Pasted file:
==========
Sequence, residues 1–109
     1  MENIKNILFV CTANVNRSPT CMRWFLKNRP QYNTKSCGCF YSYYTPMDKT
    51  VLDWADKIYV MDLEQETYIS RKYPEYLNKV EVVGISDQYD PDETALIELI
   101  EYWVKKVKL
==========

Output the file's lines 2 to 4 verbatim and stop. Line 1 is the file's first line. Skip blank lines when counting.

     1  MENIKNILFV CTANVNRSPT CMRWFLKNRP QYNTKSCGCF YSYYTPMDKT
    51  VLDWADKIYV MDLEQETYIS RKYPEYLNKV EVVGISDQYD PDETALIELI
   101  EYWVKKVKL